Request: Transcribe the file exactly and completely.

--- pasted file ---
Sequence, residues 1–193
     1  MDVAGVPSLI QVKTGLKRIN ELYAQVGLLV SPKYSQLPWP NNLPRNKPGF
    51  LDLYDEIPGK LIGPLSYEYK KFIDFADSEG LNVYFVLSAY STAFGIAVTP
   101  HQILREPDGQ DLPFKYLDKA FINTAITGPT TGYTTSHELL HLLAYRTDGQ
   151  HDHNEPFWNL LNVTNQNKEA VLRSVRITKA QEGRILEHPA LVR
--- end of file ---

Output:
Sequence, residues 1–193
     1  MDVAGVPSLI QVKTGLKRIN ELYAQVGLLV SPKYSQLPWP NNLPRNKPGF
    51  LDLYDEIPGK LIGPLSYEYK KFIDFADSEG LNVYFVLSAY STAFGIAVTP
   101  HQILREPDGQ DLPFKYLDKA FINTAITGPT TGYTTSHELL HLLAYRTDGQ
   151  HDHNEPFWNL LNVTNQNKEA VLRSVRITKA QEGRILEHPA LVR